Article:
My Thoughts

Have you noticed the “white privilege” of the iconoclastic mobs? It is all the rage. Behind all the masks are, for the most, white faced ideologues hurling sticks and stones while spitting f-bombs at anyone who dares to stand in their way of making Hell on earth their reality.

About 60 percent of Americans believe in the existence of Hell. For those who don’t, a pretty good working replica has been on display in our streets since the May 25 police killing of George Floyd.

People tend to imagine Hell as a lake of fire, thanks to Scripture, or nine descending circles of torment, thanks to Dante. But I suspect the real Hell is both more prosaic and more terrifying. It’s something akin to the answer Faustus got when he asked the devil Mephistopheles how, since he’d been damned, he could manage to leave Hell: “Why, this is hell,” said the demon, “nor am I out of it.”

Just as love is the furnace powering heaven, rage—with all of its subcurrents of confusion, despair, frustration and conflict—irradiates hell. The damned cannot escape it because they cannot escape themselves. Hell is the shape they have made for themselves.

Henri de Lubac once noted that, in the modern era, hatred for religious heretics had declined. But not, he said, because we have grown more charitable hearts. Instead, we simply transferred our interests and our hatreds to politics. Our real passion today is power and eliminating anything that stands in our way of getting it and exercising it. ~Francis X. Maier,

I have never understood why Lucifer, an angel of the highest order in Heaven, the first among the angels, could be so dissatisfied, so full of himself, that he would give it all away for Hell. It makes no sense, but then, neither do the privileged mobster morons bent on remaking America, this shining city upon a hill, into a new socialist Hell. And yet, the mobs are not the problem, not really; the mobs have no power, true power rests with those behind the throne.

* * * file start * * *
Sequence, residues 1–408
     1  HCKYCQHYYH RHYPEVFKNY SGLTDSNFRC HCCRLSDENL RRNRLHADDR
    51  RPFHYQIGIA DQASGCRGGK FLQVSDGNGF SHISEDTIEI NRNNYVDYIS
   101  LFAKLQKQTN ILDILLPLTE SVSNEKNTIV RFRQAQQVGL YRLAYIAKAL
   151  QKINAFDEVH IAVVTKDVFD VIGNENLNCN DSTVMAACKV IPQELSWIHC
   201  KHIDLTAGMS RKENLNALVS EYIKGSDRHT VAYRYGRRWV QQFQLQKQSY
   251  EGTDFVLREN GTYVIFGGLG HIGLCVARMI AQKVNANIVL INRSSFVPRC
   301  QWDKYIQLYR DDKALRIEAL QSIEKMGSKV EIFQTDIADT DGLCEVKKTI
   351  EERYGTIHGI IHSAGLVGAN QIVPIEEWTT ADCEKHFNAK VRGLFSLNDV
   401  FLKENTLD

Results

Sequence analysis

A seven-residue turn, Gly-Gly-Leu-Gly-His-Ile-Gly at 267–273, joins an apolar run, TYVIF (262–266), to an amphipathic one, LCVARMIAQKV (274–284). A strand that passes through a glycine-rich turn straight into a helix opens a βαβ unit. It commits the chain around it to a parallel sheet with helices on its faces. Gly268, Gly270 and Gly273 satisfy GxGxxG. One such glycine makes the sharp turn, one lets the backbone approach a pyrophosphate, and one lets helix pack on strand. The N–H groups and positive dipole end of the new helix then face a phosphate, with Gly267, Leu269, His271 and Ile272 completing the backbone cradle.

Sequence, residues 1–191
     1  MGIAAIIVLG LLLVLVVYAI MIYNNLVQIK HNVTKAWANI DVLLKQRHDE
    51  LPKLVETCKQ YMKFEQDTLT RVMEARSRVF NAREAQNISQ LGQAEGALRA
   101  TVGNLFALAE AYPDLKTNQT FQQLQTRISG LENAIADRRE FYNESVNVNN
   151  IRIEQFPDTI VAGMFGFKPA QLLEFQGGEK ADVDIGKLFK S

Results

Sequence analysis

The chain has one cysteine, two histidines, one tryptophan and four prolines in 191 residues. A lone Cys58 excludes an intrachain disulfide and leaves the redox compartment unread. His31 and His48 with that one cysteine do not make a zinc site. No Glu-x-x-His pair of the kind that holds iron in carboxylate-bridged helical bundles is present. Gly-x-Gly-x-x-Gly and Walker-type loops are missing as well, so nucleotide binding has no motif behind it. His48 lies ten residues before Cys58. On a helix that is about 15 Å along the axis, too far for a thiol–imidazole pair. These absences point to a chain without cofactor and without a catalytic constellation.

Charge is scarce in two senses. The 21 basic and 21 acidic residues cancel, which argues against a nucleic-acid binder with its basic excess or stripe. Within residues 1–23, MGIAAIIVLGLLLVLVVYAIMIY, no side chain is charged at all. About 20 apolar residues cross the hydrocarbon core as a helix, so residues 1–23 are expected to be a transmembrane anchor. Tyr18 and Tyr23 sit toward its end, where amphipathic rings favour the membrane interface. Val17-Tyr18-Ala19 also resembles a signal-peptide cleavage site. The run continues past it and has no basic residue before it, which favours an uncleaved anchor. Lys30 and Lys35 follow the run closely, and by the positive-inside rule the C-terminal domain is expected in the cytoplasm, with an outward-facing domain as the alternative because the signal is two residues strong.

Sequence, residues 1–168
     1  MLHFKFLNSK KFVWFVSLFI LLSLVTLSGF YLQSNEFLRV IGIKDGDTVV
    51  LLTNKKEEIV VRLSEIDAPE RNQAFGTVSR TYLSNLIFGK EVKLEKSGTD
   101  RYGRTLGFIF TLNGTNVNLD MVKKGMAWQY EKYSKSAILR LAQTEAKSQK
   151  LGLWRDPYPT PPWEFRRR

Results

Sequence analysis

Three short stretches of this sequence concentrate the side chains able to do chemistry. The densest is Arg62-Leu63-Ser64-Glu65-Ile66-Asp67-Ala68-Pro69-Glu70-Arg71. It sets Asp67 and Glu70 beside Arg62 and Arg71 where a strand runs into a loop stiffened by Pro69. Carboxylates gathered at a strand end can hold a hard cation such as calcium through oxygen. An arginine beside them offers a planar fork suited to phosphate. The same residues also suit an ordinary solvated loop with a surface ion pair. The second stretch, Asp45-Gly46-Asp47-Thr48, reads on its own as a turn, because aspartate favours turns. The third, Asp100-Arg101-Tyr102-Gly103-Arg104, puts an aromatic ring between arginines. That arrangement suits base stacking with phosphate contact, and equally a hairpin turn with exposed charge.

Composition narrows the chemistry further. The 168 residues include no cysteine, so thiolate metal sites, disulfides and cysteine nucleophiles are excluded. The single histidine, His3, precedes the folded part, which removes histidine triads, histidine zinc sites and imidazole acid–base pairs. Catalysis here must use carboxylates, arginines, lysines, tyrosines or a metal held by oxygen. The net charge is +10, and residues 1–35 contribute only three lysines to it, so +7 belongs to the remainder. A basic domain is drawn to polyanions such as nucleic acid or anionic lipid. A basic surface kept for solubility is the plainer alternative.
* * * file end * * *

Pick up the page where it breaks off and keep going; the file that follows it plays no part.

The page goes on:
We all sense that the current crisis in our nation is more than just a passing bit of social unrest. The anger legitimately directed at racism and police brutality has somehow morphed into an indiscriminate rejection of the past, a desire to sever us from all that came before.

This renunciation might seem all-of-a-sudden to many people. In fact, it’s been prepared for years by bad education and, even more, the erosion and weakening of that foundational virtue, piety. … By piety I mean reverence for the people, wisdom, principles, and institutions that precede us and have shaped who we are. Piety is the virtue that inclines us to receive instruction from those who have gone before us. We regard them as having some wisdom to teach us, not only about this world but the next. Piety disposes us to be taught.

But piety is first of all a natural virtue. The Romans prized it highly. To drive home its importance, Virgil repeatedly refers to Rome’s founder as pious Aeneas. In fact, one scene from the Aeneid serves as a great summary of piety’s importance for a nation.  As the Greeks are sacking Troy, Aeneas salvages what he can from the city. He hoists his aged father on his shoulder and, taking his son by the hand, leads them out of the city.

That is, he brings with him both the wisdom of the past and the promise of the future. That image is perhaps a first-century anticipation of Edmund Burke’s observation: “Society is a contract between the past, the present and those yet unborn.” Piety draws from the past to provide for the future.

As the Romans intuited, piety is essential for a free people. Ordered liberty requires something that comes from beyond it – beyond present trends, or control by the state; an order that reaches beyond the present to give future generations more than mere government can provide.

We live in an impious culture, which if it will not change will not long be free. For us the past has nothing to teach; only the present matters. Wisdom is discounted; only technology is worthwhile. We are increasingly cut off from the examples of our flawed but noble past. In The Abolition of Man, C.S. Lewis wrote about such impiety: “We laugh at honour and are shocked to find traitors in our midst.” Likewise, we refuse to receive the wisdom of our founders and wonder at our current confusion.

Our culture celebrates impiety as liberation from outdated ideas or constraints. Our celebrities traffic in it for laughs and to burnish their “woke” credentials. The more dismissive of the past, the more woke you are.